Today, ASPI released our report ‘Jump jets for the ADF?’ (watch the video interview with Ben Schreer here). It asks if there’s a good case for Australia to acquire F-35B Joint Strike Fighter (JSF) short take-off, vertical landing (STOVL) aircraft to operate from the two new Canberra-class landing helicopter docks (LHDs). The Abbott government has directed that this question be addressed in the development of the 2015 Defence White Paper (DWP). Reintroducing organic naval air power into the ADF would be a big strategic decision, not to mention a complex and expensive one. It’s therefore important to consider the circumstances in which such a capability would be worth pursuing. And it’s important to be aware not only of the direct costs but also of the potential risks and opportunity costs.
Because of the potential to launch STOVL jets from the Canberra-class LHD’s ‘ski-jump’ deck configuration, it’s tempting to see the LHD as a potential ‘mini aircraft carrier’. And with 27,000 tonnes displacement and 230 metres of deck, the LHDs are impressive warships. Carrier-based aviation could provide future Australian governments with greater military flexibility in regional and global contingencies. As well, modifying the ships for STOVL operations would open new opportunities for the ADF to train and (potentially) operate with the US Marine Corps.
But on balance we conclude that the benefits from acquiring that capability would be marginal at best, wouldn’t be commensurate with the costs and other consequences for the ADF, and would potentially divert funding and attention from more valuable force-structure enhancements.
Despite their capacity to accommodate a number of STOVL aircraft, the LHDs are multi-purpose amphibious assault ships—not dedicated aircraft carriers. Because of their finite capacity, they can’t carry a full complement of helicopters, and amphibious troops with their vehicles and equipment, and simultaneously deploy a useful number of STOVL aircraft and additional support aircraft. Even in a ‘STOVL-only’ configuration, the LHD would face challenges in generating enough F-35B sorties continuously to protect itself and ships in company against a capable adversary. On the other hand, if the threat levels faced by an embarking amphibious force were low, it’s doubtful a handful of F-35Bs would really be needed.
There’d also be significant direct and indirect costs. It wouldn’t be just about spending money to adapt the LHDs for STOVL operations. If the government was indeed serious about using the LHD/STOVL as a full-time power-projection capability, the ADF would realistically require additional ships to support and protect it. It’s also worth keeping in mind that while the F-35B will be much more capable than the ‘Harrier’ STOVL aircraft, it’s technologically more challenging, more expensive and less capable in terms of combat range and weapons payload than other JSF variants. Even a ‘best case’, conservative cost estimate means the government would need to spend at least $12 billion (acquisition plus through-life costs) on two F-35B squadrons.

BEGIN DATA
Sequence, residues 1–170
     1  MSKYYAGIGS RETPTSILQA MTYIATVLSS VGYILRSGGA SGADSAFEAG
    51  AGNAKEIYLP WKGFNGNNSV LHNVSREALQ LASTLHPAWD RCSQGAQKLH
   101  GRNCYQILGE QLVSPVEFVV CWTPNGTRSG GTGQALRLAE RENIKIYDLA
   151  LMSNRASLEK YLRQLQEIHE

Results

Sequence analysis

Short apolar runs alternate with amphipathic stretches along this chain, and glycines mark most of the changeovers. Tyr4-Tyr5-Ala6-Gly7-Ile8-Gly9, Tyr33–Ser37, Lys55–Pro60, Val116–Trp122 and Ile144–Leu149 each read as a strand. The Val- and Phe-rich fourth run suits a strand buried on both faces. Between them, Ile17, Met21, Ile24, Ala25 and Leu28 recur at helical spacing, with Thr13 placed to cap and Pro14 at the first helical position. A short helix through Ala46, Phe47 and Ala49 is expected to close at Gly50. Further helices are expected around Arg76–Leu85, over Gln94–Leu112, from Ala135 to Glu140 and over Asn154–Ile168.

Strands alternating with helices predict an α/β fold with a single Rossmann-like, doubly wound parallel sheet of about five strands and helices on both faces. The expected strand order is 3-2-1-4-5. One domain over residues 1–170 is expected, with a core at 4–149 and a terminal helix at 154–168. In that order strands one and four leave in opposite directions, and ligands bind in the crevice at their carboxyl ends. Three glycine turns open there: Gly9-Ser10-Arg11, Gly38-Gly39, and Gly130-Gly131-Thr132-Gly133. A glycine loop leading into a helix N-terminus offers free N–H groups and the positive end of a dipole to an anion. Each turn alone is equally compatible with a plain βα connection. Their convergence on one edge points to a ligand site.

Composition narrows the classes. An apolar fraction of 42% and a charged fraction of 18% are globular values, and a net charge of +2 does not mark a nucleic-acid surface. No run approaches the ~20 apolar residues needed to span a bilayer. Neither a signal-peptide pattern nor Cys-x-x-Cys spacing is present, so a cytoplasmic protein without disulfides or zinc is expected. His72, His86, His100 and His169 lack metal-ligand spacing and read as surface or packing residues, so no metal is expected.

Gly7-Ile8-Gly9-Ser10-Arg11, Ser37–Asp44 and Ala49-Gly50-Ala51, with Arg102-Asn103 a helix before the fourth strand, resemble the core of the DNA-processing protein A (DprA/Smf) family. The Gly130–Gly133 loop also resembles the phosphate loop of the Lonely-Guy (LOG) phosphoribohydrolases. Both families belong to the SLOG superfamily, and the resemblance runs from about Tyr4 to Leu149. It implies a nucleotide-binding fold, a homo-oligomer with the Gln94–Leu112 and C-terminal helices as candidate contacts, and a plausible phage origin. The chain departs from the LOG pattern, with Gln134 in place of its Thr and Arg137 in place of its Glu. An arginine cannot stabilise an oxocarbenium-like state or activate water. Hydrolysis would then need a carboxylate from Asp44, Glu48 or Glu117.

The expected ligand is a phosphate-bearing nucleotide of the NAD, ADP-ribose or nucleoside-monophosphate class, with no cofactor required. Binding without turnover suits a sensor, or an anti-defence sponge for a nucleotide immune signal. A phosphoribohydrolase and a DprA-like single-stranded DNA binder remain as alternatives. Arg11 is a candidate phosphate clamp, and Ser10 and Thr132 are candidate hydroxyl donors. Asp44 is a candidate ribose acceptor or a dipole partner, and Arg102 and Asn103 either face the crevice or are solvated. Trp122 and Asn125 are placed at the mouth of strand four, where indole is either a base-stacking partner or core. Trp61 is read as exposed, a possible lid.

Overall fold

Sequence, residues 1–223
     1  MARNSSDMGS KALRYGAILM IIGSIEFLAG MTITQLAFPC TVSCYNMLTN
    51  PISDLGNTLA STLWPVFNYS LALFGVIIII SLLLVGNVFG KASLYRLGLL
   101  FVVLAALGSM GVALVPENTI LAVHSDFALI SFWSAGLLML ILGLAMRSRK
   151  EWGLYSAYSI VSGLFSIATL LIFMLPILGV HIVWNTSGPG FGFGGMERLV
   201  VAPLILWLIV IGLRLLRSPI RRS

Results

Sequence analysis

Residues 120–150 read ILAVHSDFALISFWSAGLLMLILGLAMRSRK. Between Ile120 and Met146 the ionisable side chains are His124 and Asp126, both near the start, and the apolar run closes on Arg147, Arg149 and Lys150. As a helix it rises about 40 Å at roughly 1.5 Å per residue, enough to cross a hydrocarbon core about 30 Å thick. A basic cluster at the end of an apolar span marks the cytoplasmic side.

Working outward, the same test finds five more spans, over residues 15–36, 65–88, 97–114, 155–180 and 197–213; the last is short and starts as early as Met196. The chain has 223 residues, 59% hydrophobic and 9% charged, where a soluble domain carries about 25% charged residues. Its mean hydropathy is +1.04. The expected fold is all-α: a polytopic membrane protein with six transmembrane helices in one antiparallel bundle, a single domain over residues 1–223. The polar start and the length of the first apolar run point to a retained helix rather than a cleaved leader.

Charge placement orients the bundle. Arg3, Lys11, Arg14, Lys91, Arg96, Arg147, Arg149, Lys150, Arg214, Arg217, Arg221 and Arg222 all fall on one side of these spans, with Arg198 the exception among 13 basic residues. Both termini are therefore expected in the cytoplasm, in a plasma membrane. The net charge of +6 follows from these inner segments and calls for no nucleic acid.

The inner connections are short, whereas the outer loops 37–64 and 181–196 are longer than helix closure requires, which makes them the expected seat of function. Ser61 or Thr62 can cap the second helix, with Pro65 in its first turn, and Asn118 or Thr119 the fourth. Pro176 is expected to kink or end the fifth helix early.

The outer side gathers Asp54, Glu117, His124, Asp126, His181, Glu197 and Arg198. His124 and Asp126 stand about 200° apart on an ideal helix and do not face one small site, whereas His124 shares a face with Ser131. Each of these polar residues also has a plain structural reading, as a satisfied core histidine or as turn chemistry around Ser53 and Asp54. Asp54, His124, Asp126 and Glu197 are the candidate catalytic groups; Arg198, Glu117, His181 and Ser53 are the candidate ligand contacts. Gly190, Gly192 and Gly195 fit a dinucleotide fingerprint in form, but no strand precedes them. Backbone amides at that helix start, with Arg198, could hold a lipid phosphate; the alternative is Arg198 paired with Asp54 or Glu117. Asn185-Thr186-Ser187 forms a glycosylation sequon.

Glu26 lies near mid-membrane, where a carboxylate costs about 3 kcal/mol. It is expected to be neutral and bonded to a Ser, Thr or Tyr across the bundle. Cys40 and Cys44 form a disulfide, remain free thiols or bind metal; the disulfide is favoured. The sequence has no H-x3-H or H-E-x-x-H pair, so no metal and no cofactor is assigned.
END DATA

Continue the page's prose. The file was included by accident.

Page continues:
That’s a lot of money, both in absolute terms and opportunities foregone to acquire other defence capabilities. For instance, would the F-35B acquisition come at the expense of the RAAF’s F-35A fleet? What about the impact on other critical capabilities such as more-capable future frigates, enhanced special forces, ballistic missile defence, or V-22 Osprey helicopters?
Finally, what are the circumstances in which such a capability might be used? And could other capabilities achieve a similar or sufficient effect? Overall, we struggle to see where the LHD/STOVL option would really justify the costs. When it comes to ADF tasks in the defence of Australia, the additional benefit from STOVL fighters seems to be marginal at best. In the lower-level threat environment of the South Pacific, the capability would be an ‘overkill’. Operations contributing to the defence of Southeast Asia would depend on the nature of the contingency and whether the use of land-based airpower would be sufficient. Further, beyond the reach of Australian land-based aircraft, the challenge of defending the LHD against a capable adversary would be acute.
Last, it’s difficult to see how the LHD/STOVL option could make an important contribution to US coalition operations. There are many other, more effective ways for the ADF to contribute to future US campaigns in Asia and beyond. While the LHDs could be modified to allow STOVL operations by US Marines during joint operations, this option still runs the risk of being tokenism.
That’s why we think the cost-benefit analysis doesn’t support an LHD/STOVL option. The potential costs and risks are significant. The scenarios in which the capability would be realistically required and could make an important operational impact are vague. Therefore, the 2015 Defence White Paper shouldn’t announce a decision or intention to acquire ‘jump jets’ for the ADF. However, if carrier-based aviation is indeed deemed necessary to support a more muscular Australian military posture in the future, the government should consider acquiring a dedicated aircraft carrier, although an earlier ASPI publication has shown that the costs would be significant.
Richard Brabin-Smith is a Visiting Fellow at the Strategic and Defence Studies Centre of the Australian National University. Ben Schreer is Senior Analyst for Defence Strategy at ASPI. Image courtesy of UK Ministry of Defence.